Japan says it will reconsider its relations with Burma if it does not release pro-democracy leader Aung San Suu Kyi. The shift in policy could affect tens-of-millions of dollars in Japanese assistance to the struggling Burmese economy.
The Japanese Foreign Minister issued the warning at a meeting with her Burmese counterpart on the sidelines of the meeting of the Association of Southeast Asian Nations.
Foreign Ministry Spokesman Hatsuhisa Takashima says Japan has been pursuing a policy of engagement with Burma because of the dialogue it initiated two-years ago with pro-democracy leader Aung San Suu Kyi and her National League for Democracy party.
But he said if the recent crackdown on the NLD continues, the Japanese policy will change.
"The Japanese government has been making it very clear that if the situation continues, then it will be very difficult for the Japanese government to continue the policies of engagement as such," Mr. Takashima said.
The spokesman says the government at the moment is not considering sanctions against Burma, but says it has a wide range of options. Japan is a significant trade partner and aid donor for Burma.
The announcement, which was viewed as uncharacteristically blunt for Japanese diplomacy, follows a formal request by Southeast Asian foreign ministers for the release of Burma's pro-democracy activist.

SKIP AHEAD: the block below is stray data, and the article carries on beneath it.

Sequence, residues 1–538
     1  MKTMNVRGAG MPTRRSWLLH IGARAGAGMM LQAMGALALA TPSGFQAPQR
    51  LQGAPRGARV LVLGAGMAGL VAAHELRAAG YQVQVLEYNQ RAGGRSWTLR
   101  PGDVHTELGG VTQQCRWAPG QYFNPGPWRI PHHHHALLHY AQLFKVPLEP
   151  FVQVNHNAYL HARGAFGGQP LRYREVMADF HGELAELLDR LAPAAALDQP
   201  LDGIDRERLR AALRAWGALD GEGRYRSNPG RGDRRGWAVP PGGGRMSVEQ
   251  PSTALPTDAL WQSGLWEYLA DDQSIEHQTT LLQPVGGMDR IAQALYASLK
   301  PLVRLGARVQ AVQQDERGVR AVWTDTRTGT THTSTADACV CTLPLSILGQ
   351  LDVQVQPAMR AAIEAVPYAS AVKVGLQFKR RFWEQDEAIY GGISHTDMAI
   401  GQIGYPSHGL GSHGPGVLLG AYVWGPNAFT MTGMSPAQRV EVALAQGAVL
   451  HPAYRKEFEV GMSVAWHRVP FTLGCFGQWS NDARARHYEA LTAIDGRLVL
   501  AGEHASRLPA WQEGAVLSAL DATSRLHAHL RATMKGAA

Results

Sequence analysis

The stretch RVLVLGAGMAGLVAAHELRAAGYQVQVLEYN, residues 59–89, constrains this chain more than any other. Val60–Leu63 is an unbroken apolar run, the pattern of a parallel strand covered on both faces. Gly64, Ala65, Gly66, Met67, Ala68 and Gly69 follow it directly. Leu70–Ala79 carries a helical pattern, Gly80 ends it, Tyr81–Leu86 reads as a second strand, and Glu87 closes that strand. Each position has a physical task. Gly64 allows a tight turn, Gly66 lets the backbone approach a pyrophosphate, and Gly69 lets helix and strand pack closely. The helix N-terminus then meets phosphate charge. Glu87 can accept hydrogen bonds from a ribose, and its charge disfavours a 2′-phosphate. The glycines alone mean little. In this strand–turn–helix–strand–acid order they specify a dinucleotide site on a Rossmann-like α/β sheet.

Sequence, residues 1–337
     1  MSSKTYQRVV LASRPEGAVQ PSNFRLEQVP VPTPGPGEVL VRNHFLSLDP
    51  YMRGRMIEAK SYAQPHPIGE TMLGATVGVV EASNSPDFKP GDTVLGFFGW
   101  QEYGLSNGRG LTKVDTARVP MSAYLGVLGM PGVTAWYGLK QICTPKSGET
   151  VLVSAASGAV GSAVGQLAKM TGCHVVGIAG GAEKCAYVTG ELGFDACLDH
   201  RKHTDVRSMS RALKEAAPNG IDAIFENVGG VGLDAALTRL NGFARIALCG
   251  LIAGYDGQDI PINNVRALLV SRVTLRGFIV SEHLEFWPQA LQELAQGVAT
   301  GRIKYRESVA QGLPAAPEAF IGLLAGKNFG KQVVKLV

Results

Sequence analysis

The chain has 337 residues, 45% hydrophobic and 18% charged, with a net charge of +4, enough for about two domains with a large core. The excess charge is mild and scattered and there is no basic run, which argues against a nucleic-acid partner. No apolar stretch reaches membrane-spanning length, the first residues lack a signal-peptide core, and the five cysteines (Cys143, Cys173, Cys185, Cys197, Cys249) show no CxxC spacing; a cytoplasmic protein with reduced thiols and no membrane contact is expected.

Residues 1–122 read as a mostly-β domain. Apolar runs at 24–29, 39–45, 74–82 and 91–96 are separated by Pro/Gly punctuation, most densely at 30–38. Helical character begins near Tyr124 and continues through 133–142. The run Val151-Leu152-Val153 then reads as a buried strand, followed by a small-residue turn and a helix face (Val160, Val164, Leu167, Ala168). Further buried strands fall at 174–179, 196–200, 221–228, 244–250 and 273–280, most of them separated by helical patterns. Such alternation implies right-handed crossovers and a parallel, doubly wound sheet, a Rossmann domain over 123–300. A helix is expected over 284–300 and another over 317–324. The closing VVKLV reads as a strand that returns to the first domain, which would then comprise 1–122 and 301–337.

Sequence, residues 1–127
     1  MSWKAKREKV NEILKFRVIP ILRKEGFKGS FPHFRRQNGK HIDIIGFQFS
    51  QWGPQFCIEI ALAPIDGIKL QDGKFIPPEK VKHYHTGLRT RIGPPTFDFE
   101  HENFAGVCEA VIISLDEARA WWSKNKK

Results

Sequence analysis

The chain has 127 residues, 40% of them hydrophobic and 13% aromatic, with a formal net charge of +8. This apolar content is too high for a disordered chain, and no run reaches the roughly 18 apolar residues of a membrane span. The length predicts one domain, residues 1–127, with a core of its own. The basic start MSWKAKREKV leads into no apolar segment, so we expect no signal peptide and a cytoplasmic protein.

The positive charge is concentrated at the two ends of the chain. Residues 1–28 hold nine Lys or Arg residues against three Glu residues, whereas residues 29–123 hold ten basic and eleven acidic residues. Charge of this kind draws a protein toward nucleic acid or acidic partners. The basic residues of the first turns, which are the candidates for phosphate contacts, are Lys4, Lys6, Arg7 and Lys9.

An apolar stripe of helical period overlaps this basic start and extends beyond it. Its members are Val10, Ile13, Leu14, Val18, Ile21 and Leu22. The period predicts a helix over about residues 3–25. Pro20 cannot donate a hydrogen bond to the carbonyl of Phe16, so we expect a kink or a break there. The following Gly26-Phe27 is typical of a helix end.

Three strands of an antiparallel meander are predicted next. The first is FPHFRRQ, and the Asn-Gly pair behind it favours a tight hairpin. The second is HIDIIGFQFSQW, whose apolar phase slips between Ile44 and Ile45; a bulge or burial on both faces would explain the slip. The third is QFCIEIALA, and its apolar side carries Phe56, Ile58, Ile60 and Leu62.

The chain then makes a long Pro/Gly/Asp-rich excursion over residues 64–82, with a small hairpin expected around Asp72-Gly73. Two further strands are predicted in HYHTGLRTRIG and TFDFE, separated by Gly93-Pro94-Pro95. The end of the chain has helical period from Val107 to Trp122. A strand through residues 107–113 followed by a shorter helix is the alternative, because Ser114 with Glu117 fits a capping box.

ASEAN foreign ministers issued a statement Tuesday, saying they welcome assurances by the Burmese government that Ms. Aung San Suu Kyi's detention is temporary, but urging Rangoon to resume the dialogue with her party on a peaceful democratic transition.
Cambodia's Foreign Minister Hor Namhong said ASEAN took this unusual step of involving itself in the domestic politics of a member after what he called very frank talks.
"We had very frank discussion, very broad discussion, and our colleague from Myanmar has a very open mind. He took note," Mr. Namhong said.
ASEAN has been criticized for not pressing to end Burma's military crackdown because of its policy of non-interference in the affairs of its members.
Secretary of State Colin Powell, who is to join ministers of ASEAN, Asia, Europe, and North America Wednesday in the ASEAN Regional Forum, is urging Asian leaders to apply greater pressure on Burma for political reform.
ASEAN governments, many of whom are major trading partners with Burma, say they believe the policy of engagement is more likely to bring in reform in Burma than sanctions and diplomatic isolation.